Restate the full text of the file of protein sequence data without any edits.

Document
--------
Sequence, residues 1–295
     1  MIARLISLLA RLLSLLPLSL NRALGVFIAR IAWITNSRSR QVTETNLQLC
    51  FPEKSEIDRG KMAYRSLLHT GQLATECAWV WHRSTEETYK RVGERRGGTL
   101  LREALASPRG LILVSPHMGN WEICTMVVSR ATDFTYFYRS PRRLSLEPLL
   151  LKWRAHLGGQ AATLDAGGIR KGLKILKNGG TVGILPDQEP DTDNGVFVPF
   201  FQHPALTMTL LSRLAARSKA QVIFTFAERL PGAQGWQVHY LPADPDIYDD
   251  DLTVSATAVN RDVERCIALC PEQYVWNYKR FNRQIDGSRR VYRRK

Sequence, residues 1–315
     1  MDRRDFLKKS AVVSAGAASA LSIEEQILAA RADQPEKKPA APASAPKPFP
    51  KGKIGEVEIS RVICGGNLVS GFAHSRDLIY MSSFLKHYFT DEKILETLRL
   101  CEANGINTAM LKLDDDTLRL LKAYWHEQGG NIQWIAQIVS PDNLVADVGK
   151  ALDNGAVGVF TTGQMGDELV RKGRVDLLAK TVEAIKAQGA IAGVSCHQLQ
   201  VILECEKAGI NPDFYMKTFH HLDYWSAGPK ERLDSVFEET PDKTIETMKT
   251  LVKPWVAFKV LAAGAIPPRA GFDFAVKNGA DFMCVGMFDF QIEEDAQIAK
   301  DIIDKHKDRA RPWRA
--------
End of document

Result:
Sequence, residues 1–295
     1  MIARLISLLA RLLSLLPLSL NRALGVFIAR IAWITNSRSR QVTETNLQLC
    51  FPEKSEIDRG KMAYRSLLHT GQLATECAWV WHRSTEETYK RVGERRGGTL
   101  LREALASPRG LILVSPHMGN WEICTMVVSR ATDFTYFYRS PRRLSLEPLL
   151  LKWRAHLGGQ AATLDAGGIR KGLKILKNGG TVGILPDQEP DTDNGVFVPF
   201  FQHPALTMTL LSRLAARSKA QVIFTFAERL PGAQGWQVHY LPADPDIYDD
   251  DLTVSATAVN RDVERCIALC PEQYVWNYKR FNRQIDGSRR VYRRK

Sequence, residues 1–315
     1  MDRRDFLKKS AVVSAGAASA LSIEEQILAA RADQPEKKPA APASAPKPFP
    51  KGKIGEVEIS RVICGGNLVS GFAHSRDLIY MSSFLKHYFT DEKILETLRL
   101  CEANGINTAM LKLDDDTLRL LKAYWHEQGG NIQWIAQIVS PDNLVADVGK
   151  ALDNGAVGVF TTGQMGDELV RKGRVDLLAK TVEAIKAQGA IAGVSCHQLQ
   201  VILECEKAGI NPDFYMKTFH HLDYWSAGPK ERLDSVFEET PDKTIETMKT
   251  LVKPWVAFKV LAAGAIPPRA GFDFAVKNGA DFMCVGMFDF QIEEDAQIAK
   301  DIIDKHKDRA RPWRA